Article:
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Boris Rakic
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A Work in Progress: Hobby Boss USS Arizona in 1/350, part 2

December 10, 2016 · in Ships · · 8 · 5.9K
This article is part of a series:
  1. A Work in Progress: Hobby Boss USS Arizona in 1/350, part 1
  2. A Work in Progress: Hobby Boss USS Arizona in 1/350, part 2

In this installment we will take a look at fixing the casemate deck, painting the hull, and finally adding detail to the main deck. If you are interested in how we got here, you can find part 1 here:

The casemate deck

After taking a close look at the ship’s plans, I decided to build the casemate deck from scratch. Eduard provides new side parts for this deck, but as they are designed to fit the kit parts they are not tall enough.

Grandmother always told me "you should never look into the kitchen of even the fanciest restaurant". Well, in my case you should not look at what is hidden on the underside of the deck...

After everything had dried, I started detailing the bulkheads, using PE from Eduard and Alliance Modelworks.

The holes I drilled for the 5" barrels looked a bit ugly at this stage, but they were fixed when the barrels were added. The canvas covers for the gun ports are made from tissue paper soaked in diluted white glue.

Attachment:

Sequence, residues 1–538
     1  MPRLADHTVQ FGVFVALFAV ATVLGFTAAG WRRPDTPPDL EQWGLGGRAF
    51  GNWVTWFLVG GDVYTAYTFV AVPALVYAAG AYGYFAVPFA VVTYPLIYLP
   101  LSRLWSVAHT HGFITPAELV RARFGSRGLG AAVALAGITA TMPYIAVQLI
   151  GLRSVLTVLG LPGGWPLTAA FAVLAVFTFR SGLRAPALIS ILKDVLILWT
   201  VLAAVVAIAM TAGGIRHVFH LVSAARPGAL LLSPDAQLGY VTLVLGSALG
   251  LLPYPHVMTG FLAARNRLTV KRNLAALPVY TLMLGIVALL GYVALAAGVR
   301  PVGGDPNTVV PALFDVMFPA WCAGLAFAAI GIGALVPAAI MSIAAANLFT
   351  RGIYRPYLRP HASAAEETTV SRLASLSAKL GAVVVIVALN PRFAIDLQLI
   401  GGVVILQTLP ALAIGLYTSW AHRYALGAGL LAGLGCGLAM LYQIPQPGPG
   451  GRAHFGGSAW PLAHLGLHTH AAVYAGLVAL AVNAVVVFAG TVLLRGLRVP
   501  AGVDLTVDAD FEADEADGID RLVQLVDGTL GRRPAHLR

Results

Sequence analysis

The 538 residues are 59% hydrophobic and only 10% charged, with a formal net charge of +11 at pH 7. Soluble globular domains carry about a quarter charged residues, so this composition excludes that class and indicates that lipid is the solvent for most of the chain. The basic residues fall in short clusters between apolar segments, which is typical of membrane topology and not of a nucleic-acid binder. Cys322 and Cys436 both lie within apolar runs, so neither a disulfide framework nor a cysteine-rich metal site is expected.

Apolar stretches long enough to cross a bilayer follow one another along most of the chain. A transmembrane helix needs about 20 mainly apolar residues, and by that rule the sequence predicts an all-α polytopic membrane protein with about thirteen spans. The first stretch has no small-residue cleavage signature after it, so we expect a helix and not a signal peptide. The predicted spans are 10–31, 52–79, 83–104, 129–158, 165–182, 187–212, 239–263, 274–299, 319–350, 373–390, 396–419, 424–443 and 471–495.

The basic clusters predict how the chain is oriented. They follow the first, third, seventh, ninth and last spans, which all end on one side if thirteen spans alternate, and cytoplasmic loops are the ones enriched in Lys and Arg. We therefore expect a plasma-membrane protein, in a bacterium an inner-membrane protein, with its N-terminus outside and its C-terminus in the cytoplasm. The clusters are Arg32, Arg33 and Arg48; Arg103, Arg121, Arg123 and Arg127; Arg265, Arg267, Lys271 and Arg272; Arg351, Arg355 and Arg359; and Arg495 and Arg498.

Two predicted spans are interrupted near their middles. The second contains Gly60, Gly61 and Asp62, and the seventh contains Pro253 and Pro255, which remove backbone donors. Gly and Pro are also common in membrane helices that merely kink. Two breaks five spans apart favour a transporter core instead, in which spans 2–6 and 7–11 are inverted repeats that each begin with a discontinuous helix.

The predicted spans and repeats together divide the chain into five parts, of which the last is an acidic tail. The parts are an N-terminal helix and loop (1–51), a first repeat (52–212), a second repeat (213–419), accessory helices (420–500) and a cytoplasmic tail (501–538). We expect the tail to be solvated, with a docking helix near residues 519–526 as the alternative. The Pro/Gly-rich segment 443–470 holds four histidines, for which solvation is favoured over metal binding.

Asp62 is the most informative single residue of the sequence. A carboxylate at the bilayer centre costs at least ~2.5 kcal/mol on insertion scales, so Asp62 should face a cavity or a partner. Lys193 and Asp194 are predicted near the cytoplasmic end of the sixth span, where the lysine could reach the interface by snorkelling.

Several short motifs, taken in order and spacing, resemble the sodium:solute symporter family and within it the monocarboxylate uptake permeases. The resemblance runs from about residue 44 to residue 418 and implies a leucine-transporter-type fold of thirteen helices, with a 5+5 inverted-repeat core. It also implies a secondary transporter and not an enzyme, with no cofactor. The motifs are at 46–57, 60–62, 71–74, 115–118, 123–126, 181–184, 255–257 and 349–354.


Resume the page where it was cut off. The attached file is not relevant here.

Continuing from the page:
I am very happy with the result, as I feel it is a major improvement over the kit parts.

The compartment behind the casemate deck was used for storing groceries, therefore it needed good ventilation. Pictures of the area show the side walls covered in ventilation slits. As I could not find any material to replicate that structure, I tried using household aluminium foil, in which I embossed the slits with a mechanical pencil. The slits are 1mm in length with a 1mm spacing, so it was another mind numbing task...

But it went better than expected, the thin sheets were attached with white glue.

Painted with Life Color Sand and Vallejo Light Blue Grey over a black base...

...close enough for government work.

The hull in color. Finally.

After almost nine months I was finally able to put some color on the hull. The hull sides and bottom were primed with Tamiya Flat Black, thinned with Mr. Color Levelling Thinner.

After masking off the boot stripe with Tamiya tape cut to 4.5mm width, I sprayed the anti-fouling with a 4:1 mix of Tamiya Gloss Red and Flat Brown. The hull sides were painted with Vallejo Pale Blue Grey. After everything had dried, I noticed a spot I had overlooked when sanding the hull - directly on the tip of the bow, so rather visible.

Using a flexible sanding stick, the area was sanded...

... and primed and painted again. Quick job, worth the effort.

Here she is now, with turrets loosely placed to see what the whole lot looks like.

I decided to paint the wooden decks before doing anything else - the parts I needed to scratch build, like the boat cranes etc., would only be in the way, some tricky masking would be required, so these assemblies would have to wait.